These are easily the most prominent “science” sites that are generally supportive of the policies of the Bush Administration, and they are Astroturf sites. There are a string of others, such as Alexis de Tocqueville Institute and many more listed here
    http://timlambert.org/2004/05/adti/

    I’m sure there are exceptions to this pattern, though I haven’t run across any lately. I read you as saying you’re a scientist, and run an independent pro-Bush blog. If so, I apologise to you for any insult taken.

    Dave, the links were provided in the update, but Google would have found them for you if you’d bothered to look.

    As a general point, there seems to have emerged a pattern of demanding links to support statements of easily checkable facts. In future, please do your own Google search first, before making such demands. If you come up empty, then ask me for my sources.

  57. Katz Says: November 20th, 2005 at 9:08 pm “I guess that professional engineers aren’t among the most likely demographic to sign up for active service. But then again, which demographic is?”

    I can’t comment about the US, but on Friday, the Australian Retail Study Centre at Monash University revealed findings into GenY, and their (future) employment interests (and to Monash’s surprise) GENY rated highest professions/careers such as defence and the police (anything involving a uniform it appears).

    Maybe the decline in military recruitment in the US is a result of other factors than a simplistic interpretation offered.

  58. “Ian Gould,
    Iraq has had a government since before January 2005. You might recall all the whining that the Iraqi Provisional government was a US puppet.”

    Avaroo do you understand the difference between “a” and “the”?

  59. “I can’t comment about the US, but on Friday, the Australian Retail Study Centre at Monash University revealed findings into GenY, and their (future) employment interests (and to Monash’s surprise) GENY rated highest professions/careers such as defence and the police (anything involving a uniform it appears).”

    Maybe the US Marines should send some recruiters to uniform-loving Australia.

    If they did, then some of our more vociferous RWDBs could put their butts where their mouths are. (For some this would involve only minor, cosmetic surgery.)

    No doubt there are many reasons why young Americans are sitting on their hands when offered the honour of serving their country.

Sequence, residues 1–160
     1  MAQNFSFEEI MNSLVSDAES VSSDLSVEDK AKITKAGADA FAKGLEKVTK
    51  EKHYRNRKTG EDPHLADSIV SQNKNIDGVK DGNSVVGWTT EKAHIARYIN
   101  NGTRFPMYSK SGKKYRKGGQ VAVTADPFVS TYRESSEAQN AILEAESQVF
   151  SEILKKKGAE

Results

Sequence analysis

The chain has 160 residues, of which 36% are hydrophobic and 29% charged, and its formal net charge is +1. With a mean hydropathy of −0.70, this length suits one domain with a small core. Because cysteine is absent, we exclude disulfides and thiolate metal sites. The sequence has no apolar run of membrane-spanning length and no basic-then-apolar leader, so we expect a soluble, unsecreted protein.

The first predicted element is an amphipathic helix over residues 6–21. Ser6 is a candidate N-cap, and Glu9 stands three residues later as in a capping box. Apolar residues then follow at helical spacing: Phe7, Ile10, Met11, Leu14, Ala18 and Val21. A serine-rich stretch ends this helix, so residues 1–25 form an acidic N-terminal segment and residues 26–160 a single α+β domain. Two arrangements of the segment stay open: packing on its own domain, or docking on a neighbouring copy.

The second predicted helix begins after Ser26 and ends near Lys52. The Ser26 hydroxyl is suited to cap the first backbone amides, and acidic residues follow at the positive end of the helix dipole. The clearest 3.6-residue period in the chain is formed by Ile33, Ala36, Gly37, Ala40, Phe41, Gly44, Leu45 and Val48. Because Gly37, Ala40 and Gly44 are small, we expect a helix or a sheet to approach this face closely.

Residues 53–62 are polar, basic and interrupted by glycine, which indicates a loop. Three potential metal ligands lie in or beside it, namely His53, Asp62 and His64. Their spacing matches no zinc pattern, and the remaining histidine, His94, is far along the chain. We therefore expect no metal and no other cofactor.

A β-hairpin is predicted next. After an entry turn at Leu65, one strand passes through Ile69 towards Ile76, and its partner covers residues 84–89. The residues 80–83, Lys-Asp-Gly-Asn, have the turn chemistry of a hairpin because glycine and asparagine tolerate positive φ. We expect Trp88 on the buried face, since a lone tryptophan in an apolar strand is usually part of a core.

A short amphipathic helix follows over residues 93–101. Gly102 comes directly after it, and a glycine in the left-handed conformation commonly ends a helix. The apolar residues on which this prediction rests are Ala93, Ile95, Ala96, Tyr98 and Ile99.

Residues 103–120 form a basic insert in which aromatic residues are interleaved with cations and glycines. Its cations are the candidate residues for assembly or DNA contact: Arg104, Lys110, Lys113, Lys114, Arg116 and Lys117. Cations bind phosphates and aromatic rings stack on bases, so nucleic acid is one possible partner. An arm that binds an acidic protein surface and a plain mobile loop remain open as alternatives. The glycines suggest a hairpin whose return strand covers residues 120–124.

I’m not aware of any polling on that interesting question.

    But I’d like to wager that the unattractive prospect of full immersion in a futile, cynically misconceived quagmire ranks fairly high.

  60. Katz Says: November 21st, 2005 at 10:17 am “”If they did, then some of our more vociferous RWDBs could put their butts where their mouths are. (For some this would involve only minor, cosmetic surgery.)”

    Why not, let the LWFWs add it to the proceedure-list heavy medicare schedule. Another opportunity to pay the (private sector) VMOs lots more money out of taxpayers $$.

  61. “If they did, then some of our more vociferous RWDBs could put their butts where their mouths are. (For some this would involve only minor, cosmetic surgery.)”

    Why wait? I’m sure Haliburton could fidn a suitable use for their talents in Iraq.

    Unless, like Dick Cheney during Vietnam, they have “other priorities”.

  62. “If they did, then some of our more vociferous RWDBs could put their butts where their mouths are.”

    They won’t put their buts anywhere near danger. This is epecially true in the States, where it is largely the poor (white and black) and minority youth who are recruited for military service. You won’t find the children of the well to do doing their bit for ‘democracy, freedom and the American way’, in the middle east or anywhere else for that matter. Cheney, Bush and the rest of the mad neo con crowd handily managed to avoid military service the last time the US went on a frolic to preserve ‘freedom and democracy’, and that pattern is repeating itself this time around.